Qualities of A Mentor

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As mentioned in the last WeConnect Update, during the next few months I’ll be covering some of the information that came out of the Organic Mentoring Conference panel discussions, and each month I’ll share the millennials’ answers to one of the panel questions (as provided by Sue in her book).

The panelists range in age from 21 to 34. All are Bible-believing Christians who love God and are actively seeking Him in their daily lives.

OM6Question: What qualities do you admire in older women? What would you look for in a mentor?

A: I think spiritual maturity. You have more miles. Their phase of life is different. They’re not dealing with dirty diapers anymore necessarily; the day to day chaos of being young, even if you’re not a mom. The hustle and bustle is a little different, so it’s nice to have a peaceful, wise, person of more mileage.

B: I would say, for me, it’s two things. Humility and laid-backness. Humility would be being able to understand that, yeah you do know some things, but you also don’t know other things. And understanding that there’s always somewhere for us to learn. You don’t assume you know everything that your friend needs to know when you go into a friendship. You don’t assume you know everything your spouse … at least I hope you don’t assume you know everything your spouse needs to know when you go into a relationship. And we don’t want that assumption coming into a relationship as a mentee. So that would be one. And laid-backness is like not taking things too seriously, and being able to be flexible with other people. I have a busy schedule, and your schedule’s probably busier than mine, because I don’t have children, and you probably do. So I understand that you need me to be flexible. But I need that flexibility back as well. It needs to be reciprocal.

K: I think encouragement is really important and I think that even just seeing the young mom at church or a young college student at church and being like “I’m really glad to see you” or “Can I help carry your diaper bag” or anything like that just reaches in and speaks wonders to somebody who might be having a really really rough go of it. I think approachability, in terms of knowing that I can talk to you about a spiritual crisis or an emotional crisis or I can sort of come to you and “blaaaah” and you’re like “it’s OK, have a cup of tea” and not be like weirded off by whatever might be going on in my life. I think that having wisdom and those qualities like that you can see but you don’t feel like they’re doling it out, if that makes any sense, not like “oh let me share with you”. That doesn’t help. But knowing that you’re gleaning wisdom … it’s tricky. This is a tricky thing that you guys need to learn how to do. To give the wisdom but don’t dole the wisdom out. And I’ve always looked for mentors who are actively serving and seeking to expand God’s kingdom because I know that that’s what I want to be like. I want to model my life after people who are putting Jesus first and trying to make His name great, and so be that in your church. Be super active, be involved in things, be serving, because that will model even if you’re not sitting down and mentoring someone; you are modeling what an amazing godly woman can do in God’s kingdom.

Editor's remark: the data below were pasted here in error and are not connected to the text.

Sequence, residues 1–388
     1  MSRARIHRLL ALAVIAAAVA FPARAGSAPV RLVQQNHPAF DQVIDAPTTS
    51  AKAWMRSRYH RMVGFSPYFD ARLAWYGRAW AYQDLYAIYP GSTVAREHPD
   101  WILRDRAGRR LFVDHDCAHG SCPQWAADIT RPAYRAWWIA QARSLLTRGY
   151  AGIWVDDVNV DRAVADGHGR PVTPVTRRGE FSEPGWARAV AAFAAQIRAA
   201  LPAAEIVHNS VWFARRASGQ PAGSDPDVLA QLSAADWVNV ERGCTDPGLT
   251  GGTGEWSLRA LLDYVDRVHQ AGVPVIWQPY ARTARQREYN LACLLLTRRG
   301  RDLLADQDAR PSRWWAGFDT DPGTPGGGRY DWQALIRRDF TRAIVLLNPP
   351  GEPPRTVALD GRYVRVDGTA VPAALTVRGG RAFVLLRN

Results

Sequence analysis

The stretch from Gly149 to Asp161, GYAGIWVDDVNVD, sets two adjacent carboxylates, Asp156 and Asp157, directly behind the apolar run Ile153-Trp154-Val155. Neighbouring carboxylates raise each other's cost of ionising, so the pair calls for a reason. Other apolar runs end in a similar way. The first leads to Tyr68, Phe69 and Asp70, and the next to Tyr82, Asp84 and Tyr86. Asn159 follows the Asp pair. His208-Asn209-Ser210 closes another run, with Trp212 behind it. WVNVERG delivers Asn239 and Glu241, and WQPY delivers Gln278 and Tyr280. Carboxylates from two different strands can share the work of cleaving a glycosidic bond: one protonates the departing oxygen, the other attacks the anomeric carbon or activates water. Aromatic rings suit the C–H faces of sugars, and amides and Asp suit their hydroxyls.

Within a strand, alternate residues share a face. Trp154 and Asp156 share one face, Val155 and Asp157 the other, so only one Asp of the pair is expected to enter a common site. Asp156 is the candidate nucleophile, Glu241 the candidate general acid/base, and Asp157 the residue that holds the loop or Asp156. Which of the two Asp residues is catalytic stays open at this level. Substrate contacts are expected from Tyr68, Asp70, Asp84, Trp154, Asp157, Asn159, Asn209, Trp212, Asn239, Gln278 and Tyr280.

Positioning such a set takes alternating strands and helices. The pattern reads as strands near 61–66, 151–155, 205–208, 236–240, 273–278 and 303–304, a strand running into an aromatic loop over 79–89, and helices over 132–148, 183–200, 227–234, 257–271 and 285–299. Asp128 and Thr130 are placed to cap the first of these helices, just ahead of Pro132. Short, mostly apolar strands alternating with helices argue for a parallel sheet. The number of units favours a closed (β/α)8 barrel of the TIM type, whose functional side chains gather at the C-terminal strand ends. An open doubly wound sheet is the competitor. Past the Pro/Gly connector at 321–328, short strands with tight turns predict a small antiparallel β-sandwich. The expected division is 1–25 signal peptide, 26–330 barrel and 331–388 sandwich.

I hope that each month you feel enlightened and challenged by some of what our millennials had to share! If you have thoughts or questions, please feel free to email me.

Thank you for your prayers as we develop the WeConnect Leadership Team, the team of millennials who will be casting the vision for the WeConnect ministry and implementing a plan to help millennials re-connect with God and grow in their relationship with Him. We appreciate you all so much! We currently have two women who have agreed to serve and several more who are praying about it. Thanks for your continued faithful prayers!

Keep hoping. Keep praying. Keep loving.

Kristi, for WeConnect